Thank you for taking the trouble to feed this back to us, we value this greatly. We have found - both in our own use and from customer feedback - this stove to be exceptionally reliable. However, all stoves will get clogged up when filled up and shut down for the night - even if using very dried wood, as there simply isn't the heat to allow for clean combustion and the flue remains very cold and so tars condense and drip down. This is particularly acute with a portable, simple stove like the Frontier which doesn't have a sophisticated double burn and relies on good air flow. So in summary, this stove is really best suited to being burned quite vigourously and is not designed for 'keeping in'.

The more controls on a fire the better, but the Frontier is designed to balance performance with portability and affordability, and every baffle and control that is added compromises the portability and simplicity. The chimney pipe should be a very secure fit, and it's possible there is a fault with yours if it's wobbly - do send us some more details if you wish.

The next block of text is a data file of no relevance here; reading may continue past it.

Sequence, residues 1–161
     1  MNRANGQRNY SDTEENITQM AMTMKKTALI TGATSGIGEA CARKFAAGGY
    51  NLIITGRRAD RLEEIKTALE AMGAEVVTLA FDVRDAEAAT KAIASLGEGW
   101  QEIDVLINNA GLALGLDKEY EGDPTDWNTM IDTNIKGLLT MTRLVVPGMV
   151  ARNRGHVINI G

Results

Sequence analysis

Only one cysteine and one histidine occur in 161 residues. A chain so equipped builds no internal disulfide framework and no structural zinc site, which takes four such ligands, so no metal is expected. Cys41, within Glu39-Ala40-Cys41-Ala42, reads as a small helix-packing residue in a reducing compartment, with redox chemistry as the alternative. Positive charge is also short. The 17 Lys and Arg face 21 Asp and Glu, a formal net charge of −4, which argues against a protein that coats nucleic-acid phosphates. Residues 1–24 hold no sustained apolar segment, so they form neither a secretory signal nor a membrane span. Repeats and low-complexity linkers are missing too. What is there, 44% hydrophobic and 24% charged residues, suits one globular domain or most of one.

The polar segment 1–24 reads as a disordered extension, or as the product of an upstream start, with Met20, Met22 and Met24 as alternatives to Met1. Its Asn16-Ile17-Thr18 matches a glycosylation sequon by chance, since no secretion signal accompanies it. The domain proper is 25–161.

Thanks again for your interest, WS Tech Support
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#7 2014-03-29 17:14
Hi, I've read you review on the two stoves, for me I think I would prefer the oz pig , as proberly a better cooking vessel, but where can you get these in the uk, and how much would they retail at??
Thanks, great site!
Paul
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#6 2013-11-10 16:59